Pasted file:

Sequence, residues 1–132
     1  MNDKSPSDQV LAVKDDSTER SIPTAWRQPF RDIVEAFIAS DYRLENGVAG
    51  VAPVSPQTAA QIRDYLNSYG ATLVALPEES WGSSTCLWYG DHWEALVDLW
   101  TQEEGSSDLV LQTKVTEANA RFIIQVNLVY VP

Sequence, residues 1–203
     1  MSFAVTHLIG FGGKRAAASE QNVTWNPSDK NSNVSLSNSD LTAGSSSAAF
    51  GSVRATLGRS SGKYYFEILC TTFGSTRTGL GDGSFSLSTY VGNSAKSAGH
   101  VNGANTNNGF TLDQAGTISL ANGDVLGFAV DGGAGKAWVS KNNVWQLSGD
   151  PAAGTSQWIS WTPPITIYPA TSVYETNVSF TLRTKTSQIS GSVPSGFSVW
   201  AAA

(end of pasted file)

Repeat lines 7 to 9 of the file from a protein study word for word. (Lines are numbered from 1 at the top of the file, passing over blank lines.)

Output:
    51  GSVRATLGRS SGKYYFEILC TTFGSTRTGL GDGSFSLSTY VGNSAKSAGH
   101  VNGANTNNGF TLDQAGTISL ANGDVLGFAV DGGAGKAWVS KNNVWQLSGD
   151  PAAGTSQWIS WTPPITIYPA TSVYETNVSF TLRTKTSQIS GSVPSGFSVW